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November 25, 2022 | By stephen
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Why You Need To Backup Cloud Data

Did you know Contingency Planning & Strategic Research Corp reported that a whopping 96% of all corporate workstations are not backed up? This number is worrisome, considering data loss can significantly hurt a business. In recent years, cloud services have seen widespread acceptance from businesses and consumers alike as a solution to backing up business data.

While the cloud has many positives, like accessibility, dependability, and security, putting all of your confidence in the cloud to store sensitive information might be problematic. Cloud backups are not the end-all of data security; It is still possible for data to be lost, causing a calamity if you rely only on cloud services for data backups. This article discusses data protection beyond cloud backups with possible real-life circumstances.

The Impact Of Data Loss

Data loss isn’t something that businesses quickly or easily recover from. In fact, according to the University of Texas, 43% of businesses that experience a total loss of data never reopen, and 51% fail within two years. In addition, National Archives & Records Administration in Washington found that companies with a data center outage of 10 days or more saw a 93% bankruptcy filing rate within a year of the disaster.

While cloud storage is an impressive innovation, it’s not wise to put all of your eggs in one technological basket if your data’s safety could determine your company’s fate.

What Could Go Wrong?

Human Error

Human error is inevitable. What if someone erases a former employee’s account without transferring data to a new location? If you rely solely on the cloud for backups, that data could be lost forever.

On an even more serious note, Verizon found that human error was to blame for 82% of data breaches in its 2022 Data Breaches Investigations Report. That said, the security of your cloud data is only as good as the passwords you use to access it. If a user’s password is hacked, you’ll need a backup of that data.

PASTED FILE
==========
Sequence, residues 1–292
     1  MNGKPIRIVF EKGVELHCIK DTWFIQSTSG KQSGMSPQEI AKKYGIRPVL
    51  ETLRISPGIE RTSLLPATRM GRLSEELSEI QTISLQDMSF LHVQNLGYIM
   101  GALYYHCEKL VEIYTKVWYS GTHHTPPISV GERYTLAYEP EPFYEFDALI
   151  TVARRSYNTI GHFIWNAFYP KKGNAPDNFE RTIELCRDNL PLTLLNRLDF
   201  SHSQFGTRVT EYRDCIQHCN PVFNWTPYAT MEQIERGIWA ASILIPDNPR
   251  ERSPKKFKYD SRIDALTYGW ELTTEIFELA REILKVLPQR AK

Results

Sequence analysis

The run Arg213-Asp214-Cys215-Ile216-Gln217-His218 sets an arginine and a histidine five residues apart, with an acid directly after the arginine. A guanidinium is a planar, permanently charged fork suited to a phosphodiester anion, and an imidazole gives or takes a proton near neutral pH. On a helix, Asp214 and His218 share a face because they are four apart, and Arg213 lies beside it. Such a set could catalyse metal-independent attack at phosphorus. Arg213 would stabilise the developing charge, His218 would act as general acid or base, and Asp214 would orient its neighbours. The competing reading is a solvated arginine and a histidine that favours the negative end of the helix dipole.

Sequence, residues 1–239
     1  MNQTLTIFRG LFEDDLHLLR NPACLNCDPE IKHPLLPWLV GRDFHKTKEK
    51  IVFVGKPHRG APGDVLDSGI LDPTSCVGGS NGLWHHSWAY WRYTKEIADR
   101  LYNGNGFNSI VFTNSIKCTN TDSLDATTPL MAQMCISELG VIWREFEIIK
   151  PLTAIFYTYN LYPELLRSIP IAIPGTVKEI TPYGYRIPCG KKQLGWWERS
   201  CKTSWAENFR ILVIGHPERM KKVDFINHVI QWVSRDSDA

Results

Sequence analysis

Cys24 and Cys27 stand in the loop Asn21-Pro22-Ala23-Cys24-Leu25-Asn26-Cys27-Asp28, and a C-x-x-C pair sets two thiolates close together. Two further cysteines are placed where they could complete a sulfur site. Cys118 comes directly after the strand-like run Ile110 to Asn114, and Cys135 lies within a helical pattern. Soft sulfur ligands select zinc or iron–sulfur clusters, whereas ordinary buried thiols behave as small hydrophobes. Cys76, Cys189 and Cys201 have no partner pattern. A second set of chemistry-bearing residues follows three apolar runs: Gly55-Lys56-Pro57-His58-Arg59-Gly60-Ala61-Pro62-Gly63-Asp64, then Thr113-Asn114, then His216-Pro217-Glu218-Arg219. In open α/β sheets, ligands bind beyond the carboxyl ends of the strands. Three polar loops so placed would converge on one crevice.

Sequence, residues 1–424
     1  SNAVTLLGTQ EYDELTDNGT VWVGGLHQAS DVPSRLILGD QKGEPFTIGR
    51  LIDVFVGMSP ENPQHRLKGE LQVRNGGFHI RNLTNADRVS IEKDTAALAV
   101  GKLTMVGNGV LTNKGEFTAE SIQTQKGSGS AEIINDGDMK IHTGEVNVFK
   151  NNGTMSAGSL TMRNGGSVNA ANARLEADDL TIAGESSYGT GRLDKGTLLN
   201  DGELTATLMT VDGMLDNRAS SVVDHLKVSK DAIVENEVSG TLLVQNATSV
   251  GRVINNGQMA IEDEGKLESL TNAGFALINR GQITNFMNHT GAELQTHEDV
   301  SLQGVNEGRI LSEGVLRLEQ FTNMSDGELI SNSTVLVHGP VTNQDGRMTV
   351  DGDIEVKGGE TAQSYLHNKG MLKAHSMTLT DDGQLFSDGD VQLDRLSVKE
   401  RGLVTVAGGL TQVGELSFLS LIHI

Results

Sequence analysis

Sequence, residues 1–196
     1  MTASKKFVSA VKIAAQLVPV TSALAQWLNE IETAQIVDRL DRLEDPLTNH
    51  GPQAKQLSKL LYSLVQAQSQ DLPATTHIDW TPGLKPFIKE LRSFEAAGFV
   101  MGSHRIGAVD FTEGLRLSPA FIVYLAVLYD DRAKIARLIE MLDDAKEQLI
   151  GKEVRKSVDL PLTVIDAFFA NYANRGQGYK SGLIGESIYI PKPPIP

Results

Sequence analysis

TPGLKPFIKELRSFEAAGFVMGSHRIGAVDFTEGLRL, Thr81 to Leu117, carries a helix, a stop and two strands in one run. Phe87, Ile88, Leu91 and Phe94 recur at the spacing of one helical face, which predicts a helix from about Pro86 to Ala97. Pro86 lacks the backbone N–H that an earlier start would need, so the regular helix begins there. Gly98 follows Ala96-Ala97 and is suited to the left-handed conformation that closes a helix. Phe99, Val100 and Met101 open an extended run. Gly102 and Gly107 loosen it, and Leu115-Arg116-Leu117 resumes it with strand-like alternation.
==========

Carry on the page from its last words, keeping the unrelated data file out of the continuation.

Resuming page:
Cyber Attacks

A growing number of instances of cloud security being breached have been reported. For example, security flaws in the cloud played a major role in a more recent 2019 incident at Capital One. Tens of millions of client records were leaked due to a vulnerability in the Amazon Web Services cloud and Capital One’s difficulty in correctly deploying the complex cloud service.

Without other backups, you risk losing your data in the event of an incident in the cloud.

Outages

Outages are bound to happen. AWS suffered 27 outages in 2021, two occurring before the holidays. Google Cloud had an outage in mid-November of 2021 and March of 2022.

When there is an outage, you are dependent on the cloud vendor. Your downtime will be delayed until your cloud vendor can resolve the issue. The solution is out of your control, and you may be dealing with the problem for a few minutes or a few days. If you rely only on the cloud for backups, an outage could impact how long you go without having access to backups.

Conclusion: Don’t Rely On The Cloud For Backups

Many businesses across the world rely on cloud storage technologies for backups. Cloud, however, is susceptible to the same social engineering attacks and hidden software vulnerabilities that can give hackers back-door access to your data. Therefore, in the event of data loss, it is imperative that you have multiple backups on hand.


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